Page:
February steelhead fishing

Spring Steelhead

spring steelhead

Spring has sprung and it’s time for spring steelhead.  Few reports and articles you should check out if your interested in chasing Spring Steelhead.

  • Manistee River Steelhead Report, signs of fresh fish have start to show themselves as the run has started.  Jon Ray and Ed McCoy keep this report up to date.
  • Muskegon River Steelhead Report, Kevin and Drew do an incredible job on this jewel of a river.  Steelhead and Trout are actively feeding on salmon parr and stoneflies.  Check out the latest report that is updated almost daily.
  • Need a few Spring Steelhead Patterns, Orvis shares 5 patterns that are a must have.  Keep it simple in the spring with these must have patterns.  From Ed McCoy’s Alevin pattern to the Shrew Sculpin by Kevin Feenstra.
UP Muskie Fly Fishing

Muskie Madness – A Journey

It started innocuously enough – this Muskie Madness. Knowing I like to fish streamers, guide and friend Jon Ray says, “I’m starting to do a muskie program in the U.P. I think you’d like it…” This quote may be the biggest understatement of my fishing career.

From my first day on the water with Jon and my Dad, the signs of Muskie Madness begin to show. From the moment I hooked up on the first one, I got it. Pure savagery. None of this tap-tap-tap bullshit you get while fishing steelhead that causes, “Was that a fish?” reactions. This is a fish that hits like the alpha predator it is. And though I hooked up on four fish that day, I didn’t boat any. This is how muskie fishing goes. If you’re a “counter”, this pursuit isn’t for you. But at day’s end, Dad hooks up and lands a girthy 40”. A fitting end to a first day. And the beginnings of the insanity.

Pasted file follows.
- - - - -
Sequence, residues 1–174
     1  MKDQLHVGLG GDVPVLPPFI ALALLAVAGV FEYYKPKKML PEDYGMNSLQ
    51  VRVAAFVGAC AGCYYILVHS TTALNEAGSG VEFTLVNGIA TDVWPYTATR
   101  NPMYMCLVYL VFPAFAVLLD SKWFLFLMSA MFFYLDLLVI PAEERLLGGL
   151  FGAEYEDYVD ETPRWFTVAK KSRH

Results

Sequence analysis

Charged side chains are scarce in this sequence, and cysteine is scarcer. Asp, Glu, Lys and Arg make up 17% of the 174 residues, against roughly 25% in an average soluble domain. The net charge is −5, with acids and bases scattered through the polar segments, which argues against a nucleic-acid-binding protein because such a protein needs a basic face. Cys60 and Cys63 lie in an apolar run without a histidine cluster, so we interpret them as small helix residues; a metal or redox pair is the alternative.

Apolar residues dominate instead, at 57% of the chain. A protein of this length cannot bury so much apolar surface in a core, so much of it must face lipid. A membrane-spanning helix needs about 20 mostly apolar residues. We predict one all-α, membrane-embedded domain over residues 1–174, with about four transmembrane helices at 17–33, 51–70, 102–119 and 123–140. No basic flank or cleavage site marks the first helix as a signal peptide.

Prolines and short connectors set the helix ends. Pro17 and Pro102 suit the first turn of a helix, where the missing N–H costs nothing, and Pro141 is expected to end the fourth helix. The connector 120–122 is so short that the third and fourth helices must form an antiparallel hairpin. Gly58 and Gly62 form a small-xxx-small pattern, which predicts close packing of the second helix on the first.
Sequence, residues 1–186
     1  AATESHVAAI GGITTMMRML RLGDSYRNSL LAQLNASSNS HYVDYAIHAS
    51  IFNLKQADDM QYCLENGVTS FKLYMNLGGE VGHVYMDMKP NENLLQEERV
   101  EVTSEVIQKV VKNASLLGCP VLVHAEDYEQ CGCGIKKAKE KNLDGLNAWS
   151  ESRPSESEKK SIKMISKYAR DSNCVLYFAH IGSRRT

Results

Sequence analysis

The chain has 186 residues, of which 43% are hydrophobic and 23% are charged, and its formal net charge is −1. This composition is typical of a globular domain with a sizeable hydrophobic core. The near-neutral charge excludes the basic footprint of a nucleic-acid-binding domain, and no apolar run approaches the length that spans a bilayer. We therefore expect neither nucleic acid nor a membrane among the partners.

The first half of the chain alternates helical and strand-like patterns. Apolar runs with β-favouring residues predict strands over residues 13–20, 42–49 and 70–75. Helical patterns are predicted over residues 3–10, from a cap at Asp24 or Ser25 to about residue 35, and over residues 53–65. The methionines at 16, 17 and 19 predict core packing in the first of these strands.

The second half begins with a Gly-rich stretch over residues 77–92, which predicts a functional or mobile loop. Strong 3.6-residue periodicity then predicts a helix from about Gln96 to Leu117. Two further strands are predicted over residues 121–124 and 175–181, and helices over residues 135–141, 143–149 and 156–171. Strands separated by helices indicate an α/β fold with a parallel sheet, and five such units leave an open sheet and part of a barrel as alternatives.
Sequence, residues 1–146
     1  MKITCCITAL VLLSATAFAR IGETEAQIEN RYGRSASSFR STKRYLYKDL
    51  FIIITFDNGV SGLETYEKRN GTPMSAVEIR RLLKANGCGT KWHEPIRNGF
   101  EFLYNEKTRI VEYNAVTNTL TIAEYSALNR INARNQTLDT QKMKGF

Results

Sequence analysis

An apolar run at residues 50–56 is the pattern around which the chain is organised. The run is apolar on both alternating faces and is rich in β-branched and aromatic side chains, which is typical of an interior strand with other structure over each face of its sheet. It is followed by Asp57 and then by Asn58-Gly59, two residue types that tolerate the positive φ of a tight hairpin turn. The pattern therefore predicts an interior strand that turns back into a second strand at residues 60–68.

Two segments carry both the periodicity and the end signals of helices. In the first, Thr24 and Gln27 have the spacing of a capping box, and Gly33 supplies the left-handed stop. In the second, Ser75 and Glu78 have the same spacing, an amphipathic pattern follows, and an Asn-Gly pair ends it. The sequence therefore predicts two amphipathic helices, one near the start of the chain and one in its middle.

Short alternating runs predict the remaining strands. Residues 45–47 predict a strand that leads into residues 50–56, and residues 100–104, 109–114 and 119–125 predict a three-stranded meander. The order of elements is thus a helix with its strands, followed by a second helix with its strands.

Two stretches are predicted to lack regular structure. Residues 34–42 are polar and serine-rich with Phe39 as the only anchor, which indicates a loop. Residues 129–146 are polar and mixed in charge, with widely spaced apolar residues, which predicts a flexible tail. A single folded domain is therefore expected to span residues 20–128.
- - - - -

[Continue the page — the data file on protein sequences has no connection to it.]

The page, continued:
Last Fall’s outing went a bit better. I hooked and landed a little guy – my first muskie on the fly. But, I also got to SEE my first follow and eat. Holy shit – not very eloquent for a word guy, but that’s precisely what it feels like. To watch that monster fish following the fly, pushing a wake is amazing. And then…

The eat.

Talk to any muskie fly angler and they’ll quickly get to the eat. This is the pure power of the top of the food chain selecting and hammering its lunch. But at the same time, there’s deliberation. You can almost hear the internal fish dialogue. “Hmmm, I’m hungry. Hey, that little flashy splash perchy looking thing is interesting. I think I’ll follow it for a bit. Ah, screw it, I’m hungry…” and then CHOMP! Without hesitation, and with full commitment, it’s ON.

The fight’s pretty solid – though certainly nothing like the insanity of a jacked-up Fall steelhead or an atlantic salmon. And, you’re bending a 10-weight rod in half at times. The fight is solid and strong, but this isn’t a fish that runs or tail-walks down the river. Just a steady chug; like it knows it can beat you. Because most of the time, they do just that.